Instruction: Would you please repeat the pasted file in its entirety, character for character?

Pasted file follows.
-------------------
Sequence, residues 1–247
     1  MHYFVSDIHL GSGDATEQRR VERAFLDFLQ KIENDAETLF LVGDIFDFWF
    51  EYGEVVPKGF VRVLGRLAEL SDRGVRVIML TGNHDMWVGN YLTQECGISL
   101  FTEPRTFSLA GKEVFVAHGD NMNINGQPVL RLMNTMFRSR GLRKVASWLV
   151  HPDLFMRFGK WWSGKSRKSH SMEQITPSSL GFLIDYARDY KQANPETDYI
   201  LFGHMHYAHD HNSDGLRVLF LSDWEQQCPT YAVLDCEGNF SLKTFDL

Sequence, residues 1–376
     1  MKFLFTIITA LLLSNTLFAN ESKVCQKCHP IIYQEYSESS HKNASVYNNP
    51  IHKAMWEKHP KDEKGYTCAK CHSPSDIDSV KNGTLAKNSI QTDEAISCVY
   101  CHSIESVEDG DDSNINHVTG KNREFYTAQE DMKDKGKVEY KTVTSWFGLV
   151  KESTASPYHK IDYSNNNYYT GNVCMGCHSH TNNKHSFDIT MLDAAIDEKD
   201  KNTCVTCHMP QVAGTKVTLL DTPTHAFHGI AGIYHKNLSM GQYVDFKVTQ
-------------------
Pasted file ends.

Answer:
Sequence, residues 1–247
     1  MHYFVSDIHL GSGDATEQRR VERAFLDFLQ KIENDAETLF LVGDIFDFWF
    51  EYGEVVPKGF VRVLGRLAEL SDRGVRVIML TGNHDMWVGN YLTQECGISL
   101  FTEPRTFSLA GKEVFVAHGD NMNINGQPVL RLMNTMFRSR GLRKVASWLV
   151  HPDLFMRFGK WWSGKSRKSH SMEQITPSSL GFLIDYARDY KQANPETDYI
   201  LFGHMHYAHD HNSDGLRVLF LSDWEQQCPT YAVLDCEGNF SLKTFDL

Sequence, residues 1–376
     1  MKFLFTIITA LLLSNTLFAN ESKVCQKCHP IIYQEYSESS HKNASVYNNP
    51  IHKAMWEKHP KDEKGYTCAK CHSPSDIDSV KNGTLAKNSI QTDEAISCVY
   101  CHSIESVEDG DDSNINHVTG KNREFYTAQE DMKDKGKVEY KTVTSWFGLV
   151  KESTASPYHK IDYSNNNYYT GNVCMGCHSH TNNKHSFDIT MLDAAIDEKD
   201  KNTCVTCHMP QVAGTKVTLL DTPTHAFHGI AGIYHKNLSM GQYVDFKVTQ